Are your searching for new things to do after being bottled up inside all day? How about hosting a virtual happy hour – an online meeting of your family, friends or even work associates with a spirited libation in hand, preferably one distilled in Ohio.
Think of it as tuning into your online work meeting, but with cool cocktail or a cold glass of beer. The first item of business is bringing people together. Here are a few tips on pulling off a successful virtual happy hour:
Choose your platform
There are several video conferencing tools you can use to hold your virtual happy hour. A popular one that you might already be familiar with is Zoom, which many schools have been using for distance learning. Skype, FaceTime and Google Hangouts also are popular.
Visit their websites for instructions well ahead of time so users can become familiar with them. We recommend using grid views so everyone can see everyone else.
Keep it small
You should limit the number of guests to a dozen or fewer. That will allow each person to show up easier on the screen. Also, it’s a lot easier to keep a virtual conversation going with fewer people than with too many friends trying to talk over one another.
Keep it smart
If you’re getting together with coworkers who suddenly have found themselves working from home, it’s advisable to dress in the clothes you normally wear at the office or work place. Do your hair, shave and look presentable.
Keep it quiet
Ambient noise can be a deal-killer for virtual happy hours. Imagine 10 people trying to talk over background sounds. So find a comfortable, quiet place to enjoy your friends, and encourage friendly banter.
Keep it light
Even if you’re with coworkers, keep shoptalk and (especially) discussions about tense topics to a minimum. How have you coped with staying at home? What are your plans for the summer? How about those drinks? It can be helpful to settle on a general theme beforehand.
Do the cocktails right
The other major ingredient to a successful virtual happy hour (some say the most important) is securing your cocktails.
While it’s fun to do a themed happy hour, in which everyone has the same drink, it’s also interesting to hear what other people made. If beer is your drink of choice, that’s easy – pick up something the next time you’re at the store.
If you want a cocktail, that’s a bit more involved. It’s possible for someone to do all the work for you if that’s your thing.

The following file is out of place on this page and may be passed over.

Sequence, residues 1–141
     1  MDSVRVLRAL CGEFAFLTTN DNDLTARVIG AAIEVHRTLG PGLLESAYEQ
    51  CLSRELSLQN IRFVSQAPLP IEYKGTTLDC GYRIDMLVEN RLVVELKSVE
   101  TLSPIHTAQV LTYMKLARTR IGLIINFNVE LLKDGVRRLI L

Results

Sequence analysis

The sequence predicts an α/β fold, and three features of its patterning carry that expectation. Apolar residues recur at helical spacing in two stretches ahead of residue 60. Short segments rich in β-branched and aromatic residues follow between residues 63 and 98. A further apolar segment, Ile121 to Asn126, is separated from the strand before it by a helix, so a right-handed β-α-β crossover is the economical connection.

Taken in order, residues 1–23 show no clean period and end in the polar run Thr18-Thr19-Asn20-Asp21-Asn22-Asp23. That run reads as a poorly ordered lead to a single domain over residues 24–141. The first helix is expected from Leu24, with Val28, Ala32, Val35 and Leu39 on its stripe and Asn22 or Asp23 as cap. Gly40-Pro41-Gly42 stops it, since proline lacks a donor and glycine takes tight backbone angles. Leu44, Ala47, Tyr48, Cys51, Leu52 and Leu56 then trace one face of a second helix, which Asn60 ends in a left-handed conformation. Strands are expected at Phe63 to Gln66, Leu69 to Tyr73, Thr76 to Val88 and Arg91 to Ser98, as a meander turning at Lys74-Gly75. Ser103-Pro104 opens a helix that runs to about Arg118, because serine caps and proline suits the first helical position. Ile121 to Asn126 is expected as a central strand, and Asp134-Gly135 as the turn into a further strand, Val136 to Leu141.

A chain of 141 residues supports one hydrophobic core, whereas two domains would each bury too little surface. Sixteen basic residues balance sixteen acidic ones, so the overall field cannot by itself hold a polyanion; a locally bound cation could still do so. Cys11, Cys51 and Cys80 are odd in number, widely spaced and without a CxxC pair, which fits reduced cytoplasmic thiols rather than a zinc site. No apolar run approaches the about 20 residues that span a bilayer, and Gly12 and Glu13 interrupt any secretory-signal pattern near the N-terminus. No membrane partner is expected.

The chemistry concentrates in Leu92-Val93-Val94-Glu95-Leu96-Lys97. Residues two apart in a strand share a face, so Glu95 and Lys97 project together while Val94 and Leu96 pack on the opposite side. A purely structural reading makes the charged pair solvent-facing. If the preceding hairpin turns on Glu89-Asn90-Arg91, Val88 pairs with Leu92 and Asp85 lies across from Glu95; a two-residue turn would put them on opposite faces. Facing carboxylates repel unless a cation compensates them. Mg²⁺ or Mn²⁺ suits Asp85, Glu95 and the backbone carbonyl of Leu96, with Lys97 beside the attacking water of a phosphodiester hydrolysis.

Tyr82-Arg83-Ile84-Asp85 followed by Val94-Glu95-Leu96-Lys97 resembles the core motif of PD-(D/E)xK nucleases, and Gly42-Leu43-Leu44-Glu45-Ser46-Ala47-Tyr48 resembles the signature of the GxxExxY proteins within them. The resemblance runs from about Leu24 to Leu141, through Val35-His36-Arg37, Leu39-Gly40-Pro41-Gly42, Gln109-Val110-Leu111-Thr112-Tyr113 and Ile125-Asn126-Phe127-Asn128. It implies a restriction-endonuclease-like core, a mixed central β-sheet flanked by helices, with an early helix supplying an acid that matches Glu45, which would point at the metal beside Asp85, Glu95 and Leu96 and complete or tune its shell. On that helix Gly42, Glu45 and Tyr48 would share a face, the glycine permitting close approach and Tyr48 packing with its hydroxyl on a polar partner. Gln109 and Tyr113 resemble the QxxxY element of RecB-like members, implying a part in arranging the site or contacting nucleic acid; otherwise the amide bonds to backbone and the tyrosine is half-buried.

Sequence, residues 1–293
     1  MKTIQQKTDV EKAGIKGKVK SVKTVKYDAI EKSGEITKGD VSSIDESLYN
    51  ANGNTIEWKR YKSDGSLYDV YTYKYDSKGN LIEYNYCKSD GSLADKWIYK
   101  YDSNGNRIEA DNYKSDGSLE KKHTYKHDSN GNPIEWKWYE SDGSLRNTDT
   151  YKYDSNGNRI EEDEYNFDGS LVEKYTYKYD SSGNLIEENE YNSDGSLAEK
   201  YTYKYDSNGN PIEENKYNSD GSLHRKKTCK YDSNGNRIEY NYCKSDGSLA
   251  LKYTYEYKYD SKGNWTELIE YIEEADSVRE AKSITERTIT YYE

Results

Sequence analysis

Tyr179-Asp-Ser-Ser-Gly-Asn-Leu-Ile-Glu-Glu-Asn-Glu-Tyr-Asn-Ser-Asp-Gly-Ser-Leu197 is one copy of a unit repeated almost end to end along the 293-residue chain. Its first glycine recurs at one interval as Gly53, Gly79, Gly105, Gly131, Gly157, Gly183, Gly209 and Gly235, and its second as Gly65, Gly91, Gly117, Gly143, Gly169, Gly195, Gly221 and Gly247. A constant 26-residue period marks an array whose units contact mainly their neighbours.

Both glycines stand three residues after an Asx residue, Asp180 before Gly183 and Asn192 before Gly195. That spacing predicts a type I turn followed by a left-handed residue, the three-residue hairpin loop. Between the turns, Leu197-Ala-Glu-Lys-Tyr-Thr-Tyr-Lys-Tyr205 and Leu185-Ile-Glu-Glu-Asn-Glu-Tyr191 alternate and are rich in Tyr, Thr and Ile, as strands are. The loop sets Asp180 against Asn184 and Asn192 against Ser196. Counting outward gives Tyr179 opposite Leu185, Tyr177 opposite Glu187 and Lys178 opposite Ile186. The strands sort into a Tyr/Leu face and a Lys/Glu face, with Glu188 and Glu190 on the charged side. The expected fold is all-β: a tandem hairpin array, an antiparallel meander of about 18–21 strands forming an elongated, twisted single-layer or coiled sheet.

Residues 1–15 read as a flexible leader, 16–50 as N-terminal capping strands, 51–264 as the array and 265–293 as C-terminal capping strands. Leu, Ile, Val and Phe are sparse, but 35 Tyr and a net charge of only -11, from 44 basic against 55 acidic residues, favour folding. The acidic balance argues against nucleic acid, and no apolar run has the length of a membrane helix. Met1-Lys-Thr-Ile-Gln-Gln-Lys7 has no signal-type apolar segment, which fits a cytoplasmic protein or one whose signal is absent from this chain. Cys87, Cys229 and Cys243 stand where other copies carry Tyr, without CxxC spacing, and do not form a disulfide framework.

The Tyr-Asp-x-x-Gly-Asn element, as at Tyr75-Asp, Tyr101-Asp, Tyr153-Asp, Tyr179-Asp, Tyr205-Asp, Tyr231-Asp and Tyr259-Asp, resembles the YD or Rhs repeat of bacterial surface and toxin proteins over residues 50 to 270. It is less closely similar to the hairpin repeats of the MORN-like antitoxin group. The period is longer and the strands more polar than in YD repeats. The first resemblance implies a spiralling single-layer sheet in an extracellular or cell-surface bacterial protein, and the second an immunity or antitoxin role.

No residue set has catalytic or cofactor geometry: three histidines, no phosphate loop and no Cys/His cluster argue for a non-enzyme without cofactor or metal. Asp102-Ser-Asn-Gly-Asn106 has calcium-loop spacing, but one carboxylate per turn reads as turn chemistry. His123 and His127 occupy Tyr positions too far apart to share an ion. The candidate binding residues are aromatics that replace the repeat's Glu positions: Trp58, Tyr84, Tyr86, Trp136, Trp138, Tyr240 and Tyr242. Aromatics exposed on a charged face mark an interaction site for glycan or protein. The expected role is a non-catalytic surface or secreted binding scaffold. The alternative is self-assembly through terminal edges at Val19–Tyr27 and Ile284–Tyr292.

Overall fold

In early April the Ohio Liquor Control Commission passed a rule allowing restaurants and bars to sell alcoholic drinks for pickup or delivery. You’re limited to two, 2-ounce spirits drinks per order, so plan accordingly if you want to go that route.
For instance, when you order food from Condados Tacos, you can add two Margarita for $8.50 each. We would recommend looking up websites of favorite bars and restaurants in your area, as these deliveries are area-specific.
Many of Ohio’s distilleries are offering drive-through service or even delivery of their products. There are opportunities to order cocktails to go, or kits and mixes, and we applaud their ingenuity.
However, we prefer to make our own cocktails, without pre-mixed additives. We love to watch Molly Wellmann, a talented mixologist and author who hails from Cincinnati. Wellmann hosts a daily cocktail lesson on her Facebook page called “5 O’Clocktails.” Watch one in advance and gather the ingredients before your happy hour.
Even if you’re not a talented mixologist, there are many popular drinks that are super easy to make after paying a visit to your local liquor agency (and grocery store for basic garnishes).
Here are five, using Ohio-related base spirits:
2 oz. New Riff Bourbon or Rye
½ oz. simple syrup
2 -4 dashes of bitters (such as Angostura, Peychaud’s)
Combine syrup and bitters in a mixing glass. Add ice and the bourbon. Stir for 20 seconds. Strain into a rocks glass over fresh ice, and garnish with a piece of orange rind squeezed over the drink.
If you’d like a different approach, use a sugar cube instead of the simple syrup, and add a slice of orange and a Luxardo cherry to the bitters. Use a muddler to combine what’s in the glass before stirring with bourbon and ice. We recommend using a basket-style strainer. You also can experiment with different flavors of bitters.
1 oz. Watershed Four Peel Gin
1 oz. Campari
1 oz. Sweet vermouth
Combine gin, Campari and vermouth in a mixing glass with ice. Stir for 20 seconds. Strain into a rocks glass over fresh ice, and garnish with a piece of orange rind squeezed over the drink.
2 oz. Buckeye Vodka
4 oz. Cream soda
6-8 dashes Orange bitters
Combine vodka and cream soda in a tall glass over ice. Shake in the bitters and stir gently. Garnish with an orange wedge.
2 oz. Karrikin Spirits Blaze Agave spirit, or your favorite tequila
1 oz. Toledo Spirits Orange Tiger liqueur, or other orange liqueur, such as Cointreau or Triple Sec
¾ oz. Lime juice
Add tequila, orange liqueur and juice in a shaker. Cover and shake. Pour into a glass with a salted rim. Garnish with a lime wheel.
1.5 oz. Western Reserve Silver Rum
1 oz. Simple syrup or agave nectar
4 oz. Piece of seedless watermelon
4 Mint leaves
½ oz. Lime juice
In a mixing glass, muddle juice, mint, watermelon and simple syrup. Add ice and rum, and shake to combine. Strain into tall, narrow glass with fresh ice. Garnish with a twist of lemon.
For a traditional mojito, eliminate the watermelon and add 4 oz. club soda.
*Story by Michael Pramik, photo by Wendy Pramik